Rodents are warm-blooded mammals that, like humans, can be found throughout the world. They have oversized front teeth for gnawing and check teeth, which are adapted for chewing. Rodents chew on a variety of items available to them and cause great damage in and around homes.
Rodents tend to be rapid breeders. Some species breed year-round, and populations are maintained through constant reproduction. Because of the rodents' body plan, they are capable of squeezing through spaces that appear to be much too small for them. All such holes should be sealed to prevent entry and reentry of rodents. A pest control professional should be contacted for assistance.
Rats and mice are both extremely destructive within agricultural communities. A number of species feed on seeds and grains. The feces and urine of some rodents may contaminate surfaces with which they come into contact.
Facts & Control
Inspect: The first step in controlling mice is to inspect feeding areas and exclude mice by closing entry access points.
Look for mice tracks, mice droppings and other rodent signs.
Sanitation: If possible, get rid of human and pet food sources that the mice may be feeding. Enclose the food in tight fitting containers. Kitchen floors, sinks and counter tops need to be kept clean.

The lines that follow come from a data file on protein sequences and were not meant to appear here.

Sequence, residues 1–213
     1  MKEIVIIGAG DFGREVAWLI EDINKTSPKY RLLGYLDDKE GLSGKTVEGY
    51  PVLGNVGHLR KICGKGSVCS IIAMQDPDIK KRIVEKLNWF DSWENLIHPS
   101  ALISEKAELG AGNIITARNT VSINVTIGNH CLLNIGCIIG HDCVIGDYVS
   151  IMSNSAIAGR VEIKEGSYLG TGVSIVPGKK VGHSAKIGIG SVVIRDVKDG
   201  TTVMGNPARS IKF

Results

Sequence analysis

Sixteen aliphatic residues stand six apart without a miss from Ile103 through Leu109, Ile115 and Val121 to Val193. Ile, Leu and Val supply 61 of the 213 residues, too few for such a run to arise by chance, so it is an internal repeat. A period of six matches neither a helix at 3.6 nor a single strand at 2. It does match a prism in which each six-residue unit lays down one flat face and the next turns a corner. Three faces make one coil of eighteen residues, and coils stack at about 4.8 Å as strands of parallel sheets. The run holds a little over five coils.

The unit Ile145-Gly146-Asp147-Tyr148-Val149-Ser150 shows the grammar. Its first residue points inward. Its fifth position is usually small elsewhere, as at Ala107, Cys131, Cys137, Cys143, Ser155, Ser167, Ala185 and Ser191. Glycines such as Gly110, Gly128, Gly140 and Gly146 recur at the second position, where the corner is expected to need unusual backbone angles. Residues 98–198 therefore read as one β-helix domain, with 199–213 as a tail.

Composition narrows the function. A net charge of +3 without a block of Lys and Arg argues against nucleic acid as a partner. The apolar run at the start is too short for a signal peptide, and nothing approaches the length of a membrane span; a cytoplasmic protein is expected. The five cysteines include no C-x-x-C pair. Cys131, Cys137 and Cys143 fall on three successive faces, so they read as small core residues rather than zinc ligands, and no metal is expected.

Exclusion: Look for openings that the mice can enter your home. They can enter through cracks in foundations, floors or walls. A mouse can fit through a very tiny opening due to their soft cartilages. They can also squeeze through small gaps around utility lines and drainage pipes. All openings greater that 1/4" should be sealed to exclude mice. It may be difficult to find all openings since mice can enter through such small openings.
For more information, exclusion tips will help detect possible entry points.
Mouse Control: After inspecting for signs of mice activity, set mouse traps or place mouse bait in the detected areas.
Setting mice traps or placing out mouse bait are the most trustworthy methods of controlling mice populations.